The Coastal Post - December, 1995

Media And Media-ocracy

Yitzak Nixon/Richard Rabin

BY JAMES M. POWERS

It is interesting how practically anyone, no matter how monstrous his deeds in life, can be rehabilitated in death. We saw a grotesque example of this last year when eulogies rang to the heavens for Richard Nixon; Tricky Dick as Elder Statesman.

The veritable volcano of tribute that has gushed from our major media upon the assassination of Israeli Prime Minister Yitzak Rabin eerily resembles what we saw with Nixon; in both cases, the evil that these men did in their lives was disregarded or minimized, and their dubious accomplishments blown out of all proportion.

Read the eulogies: a "Man of Peace" bravely and uncompromisingly pursued peace and justice, only to be cut down by his own people's religious and political zealots. It's the stuff that martyrs are made of. President Clinton compared Rabin's assassination with those of Abraham Lincoln, John F. Kennedy and Martin Luther King. Time magazine ran an especially lugubrious piece that wailed, "the good get shot, the evil die in their beds."

Now, I don't like speaking ill of the dead, particularly the recently departed. My upbringing militates against it as at best impolite, and at worst just downright mean, yet there are highlights from Rabin's military and political career that went unmentioned in the eulogies:

During Israel's 1948 War of Independence, Rabin, while commanding the forces that had captured the towns of Lydda and Ramleh, ordered the expulsion of the entire Arab population of both towns in a notorious operation. The total number is estimated to have been about 50,000. Neither women, children nor the elderly were spared, and many of them died.

In 1967 Rabin ordered the destruction of the West Bank Arab villages, Imwas, Biet Nuba and Yalu. The inhabitants were never allowed to return, and about 9,000 Palestinians were left homeless.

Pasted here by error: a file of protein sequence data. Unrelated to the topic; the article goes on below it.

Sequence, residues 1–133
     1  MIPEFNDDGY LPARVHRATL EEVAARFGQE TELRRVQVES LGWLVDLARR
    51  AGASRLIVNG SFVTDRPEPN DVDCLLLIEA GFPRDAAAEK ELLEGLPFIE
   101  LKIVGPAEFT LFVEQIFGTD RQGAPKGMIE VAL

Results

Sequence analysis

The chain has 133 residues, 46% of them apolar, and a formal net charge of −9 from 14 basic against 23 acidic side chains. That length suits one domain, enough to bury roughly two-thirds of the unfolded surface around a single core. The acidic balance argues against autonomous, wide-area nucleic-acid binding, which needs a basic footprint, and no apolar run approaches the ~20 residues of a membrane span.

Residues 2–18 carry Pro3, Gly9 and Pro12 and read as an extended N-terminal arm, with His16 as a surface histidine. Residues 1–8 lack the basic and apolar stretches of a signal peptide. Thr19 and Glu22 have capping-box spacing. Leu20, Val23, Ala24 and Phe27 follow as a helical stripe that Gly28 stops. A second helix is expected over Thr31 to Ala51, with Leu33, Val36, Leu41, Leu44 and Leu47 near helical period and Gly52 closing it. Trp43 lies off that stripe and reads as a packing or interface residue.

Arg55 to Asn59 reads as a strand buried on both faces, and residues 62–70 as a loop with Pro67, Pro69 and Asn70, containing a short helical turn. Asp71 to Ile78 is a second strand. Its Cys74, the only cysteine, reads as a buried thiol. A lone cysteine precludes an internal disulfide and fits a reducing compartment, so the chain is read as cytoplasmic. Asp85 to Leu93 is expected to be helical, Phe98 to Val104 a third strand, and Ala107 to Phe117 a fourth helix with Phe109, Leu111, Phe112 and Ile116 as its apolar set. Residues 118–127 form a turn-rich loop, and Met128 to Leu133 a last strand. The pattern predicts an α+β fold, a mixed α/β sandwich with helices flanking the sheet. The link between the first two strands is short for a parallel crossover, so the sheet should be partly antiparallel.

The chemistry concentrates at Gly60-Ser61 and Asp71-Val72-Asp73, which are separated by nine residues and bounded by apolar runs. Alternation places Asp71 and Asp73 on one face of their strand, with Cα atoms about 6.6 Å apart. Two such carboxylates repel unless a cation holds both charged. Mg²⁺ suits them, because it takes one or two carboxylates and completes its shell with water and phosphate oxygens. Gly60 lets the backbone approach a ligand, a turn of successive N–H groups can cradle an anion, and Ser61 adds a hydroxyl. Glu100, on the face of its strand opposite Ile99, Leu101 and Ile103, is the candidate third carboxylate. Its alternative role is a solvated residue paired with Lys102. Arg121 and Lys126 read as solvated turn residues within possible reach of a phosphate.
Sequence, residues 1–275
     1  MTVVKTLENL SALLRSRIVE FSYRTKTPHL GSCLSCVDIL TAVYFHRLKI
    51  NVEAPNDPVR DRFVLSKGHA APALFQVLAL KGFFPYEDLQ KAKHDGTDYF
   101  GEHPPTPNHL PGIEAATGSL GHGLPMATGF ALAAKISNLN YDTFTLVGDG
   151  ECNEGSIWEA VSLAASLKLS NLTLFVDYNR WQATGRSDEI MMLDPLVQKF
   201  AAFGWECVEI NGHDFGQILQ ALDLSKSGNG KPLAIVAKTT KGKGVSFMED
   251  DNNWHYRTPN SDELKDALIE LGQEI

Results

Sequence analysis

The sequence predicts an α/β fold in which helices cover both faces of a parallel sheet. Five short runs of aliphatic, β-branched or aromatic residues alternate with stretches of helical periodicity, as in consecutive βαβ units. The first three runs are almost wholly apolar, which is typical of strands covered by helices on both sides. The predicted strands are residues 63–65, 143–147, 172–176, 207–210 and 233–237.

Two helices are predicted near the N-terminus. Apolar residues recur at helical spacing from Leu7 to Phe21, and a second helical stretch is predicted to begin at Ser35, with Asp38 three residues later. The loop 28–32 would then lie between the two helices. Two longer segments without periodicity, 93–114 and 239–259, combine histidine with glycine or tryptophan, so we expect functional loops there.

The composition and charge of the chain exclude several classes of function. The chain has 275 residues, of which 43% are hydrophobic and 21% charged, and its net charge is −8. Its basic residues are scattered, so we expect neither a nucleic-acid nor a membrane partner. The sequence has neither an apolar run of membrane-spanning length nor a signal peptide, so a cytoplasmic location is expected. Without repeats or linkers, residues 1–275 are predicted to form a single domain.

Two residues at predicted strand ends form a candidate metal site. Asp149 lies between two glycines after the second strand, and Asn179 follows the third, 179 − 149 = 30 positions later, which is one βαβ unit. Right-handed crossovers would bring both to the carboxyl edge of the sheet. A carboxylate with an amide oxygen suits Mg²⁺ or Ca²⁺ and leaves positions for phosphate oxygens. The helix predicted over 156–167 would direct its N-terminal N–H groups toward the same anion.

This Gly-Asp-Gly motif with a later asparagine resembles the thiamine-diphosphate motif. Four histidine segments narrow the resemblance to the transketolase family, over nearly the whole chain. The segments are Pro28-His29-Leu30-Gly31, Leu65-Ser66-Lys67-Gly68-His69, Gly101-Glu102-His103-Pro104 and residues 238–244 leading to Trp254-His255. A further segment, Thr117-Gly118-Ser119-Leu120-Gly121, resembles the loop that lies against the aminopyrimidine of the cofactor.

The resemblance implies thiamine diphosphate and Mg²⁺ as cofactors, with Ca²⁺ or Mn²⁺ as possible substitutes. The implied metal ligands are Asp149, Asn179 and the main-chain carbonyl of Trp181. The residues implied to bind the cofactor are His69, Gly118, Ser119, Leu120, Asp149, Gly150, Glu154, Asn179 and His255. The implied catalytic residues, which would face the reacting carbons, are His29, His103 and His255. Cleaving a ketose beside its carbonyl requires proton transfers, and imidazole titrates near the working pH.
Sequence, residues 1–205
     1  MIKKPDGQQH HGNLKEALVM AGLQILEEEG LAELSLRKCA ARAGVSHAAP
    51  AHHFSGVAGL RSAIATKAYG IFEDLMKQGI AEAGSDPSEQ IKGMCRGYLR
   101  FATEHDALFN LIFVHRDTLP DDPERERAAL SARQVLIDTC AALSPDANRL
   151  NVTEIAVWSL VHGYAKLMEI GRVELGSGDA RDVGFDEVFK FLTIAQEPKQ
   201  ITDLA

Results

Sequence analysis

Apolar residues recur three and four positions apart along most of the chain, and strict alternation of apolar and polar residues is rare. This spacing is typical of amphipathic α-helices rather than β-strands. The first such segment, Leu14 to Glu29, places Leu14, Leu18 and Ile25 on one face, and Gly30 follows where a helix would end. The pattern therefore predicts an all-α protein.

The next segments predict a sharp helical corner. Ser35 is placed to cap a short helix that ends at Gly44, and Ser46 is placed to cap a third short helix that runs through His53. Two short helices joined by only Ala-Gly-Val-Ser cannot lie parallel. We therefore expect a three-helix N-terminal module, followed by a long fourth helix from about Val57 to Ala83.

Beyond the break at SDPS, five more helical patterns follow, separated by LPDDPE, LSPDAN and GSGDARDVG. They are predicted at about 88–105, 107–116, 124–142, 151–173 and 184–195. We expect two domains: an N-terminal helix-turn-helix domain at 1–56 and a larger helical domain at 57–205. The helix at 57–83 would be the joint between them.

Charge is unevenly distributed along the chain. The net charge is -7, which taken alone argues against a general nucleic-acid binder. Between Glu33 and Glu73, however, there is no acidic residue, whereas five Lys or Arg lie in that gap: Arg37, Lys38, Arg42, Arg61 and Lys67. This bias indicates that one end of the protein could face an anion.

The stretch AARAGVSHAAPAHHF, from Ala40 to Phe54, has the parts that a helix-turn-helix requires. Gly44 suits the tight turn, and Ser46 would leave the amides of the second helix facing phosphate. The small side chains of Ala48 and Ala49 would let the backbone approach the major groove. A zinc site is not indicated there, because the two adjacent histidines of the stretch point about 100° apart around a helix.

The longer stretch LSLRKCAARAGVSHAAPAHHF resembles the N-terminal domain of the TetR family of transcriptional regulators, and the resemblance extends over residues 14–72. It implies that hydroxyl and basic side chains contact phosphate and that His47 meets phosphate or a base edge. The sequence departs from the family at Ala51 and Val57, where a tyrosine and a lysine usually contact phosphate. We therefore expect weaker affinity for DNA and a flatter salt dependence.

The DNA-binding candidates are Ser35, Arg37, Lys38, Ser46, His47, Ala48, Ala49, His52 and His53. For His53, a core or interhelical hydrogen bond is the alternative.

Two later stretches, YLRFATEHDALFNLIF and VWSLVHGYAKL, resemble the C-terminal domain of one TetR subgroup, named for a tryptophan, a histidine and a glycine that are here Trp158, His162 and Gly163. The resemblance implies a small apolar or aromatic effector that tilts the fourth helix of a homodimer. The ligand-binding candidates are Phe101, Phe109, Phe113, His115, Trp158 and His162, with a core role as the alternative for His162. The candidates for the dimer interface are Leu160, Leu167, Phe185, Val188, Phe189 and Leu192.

As Israel's defense minister during the Palestinian Intifada, Rabin gave orders to meet resistance with "force, might, blows," and to "break the bones" of the protestors, which the Israeli military dutifully did, much to the horror of the world and especially the victims, mostly children, who still bear the scars.

In part, Rabin was the victim of a situation that he nurtured. While he was known to be contemptuous of the right-wing settlers, for political reasons he did little to impede their settlement activity. This combined with the continued Military Administration of the West Bank encouraged the ultra-right religious fanatics to view Arabs as lacking basic civil (and human) rights, and it created within their ranks a sense of entitlement to the West Bank and Gaza as the historic birthplace of the Jewish people, not as the homeland of the Palestinians. When Rabin offered to make a lasting settlement with the Palestinians, it was hardly ironic that his assassin should come from the ranks of the zealots.

Which brings us to Rabin's accomplishments. If his accomplishment is viewed as initiating the peace process between Israel and the Palestinians, then he deserves credit. But it may be premature to say that he brought peace to the conflict, because the Oslo Agreements, as now constituted, leave Israel in firm control over every important issue of Palestinian sovereignty; land, security and economy. Palestinian critics like to say that the peace process is mostly process with little peace, because it is not based on justice and quality, but on power, which is ultimately not a sound foundation upon which to build a lasting peace. Only time will tell.

In Time's eulogy, Rabin was called Sadat's mirror image in the Middle East. A more realistic assessment might be that when we look into the media looking-glass, there is never a true reflection of anything.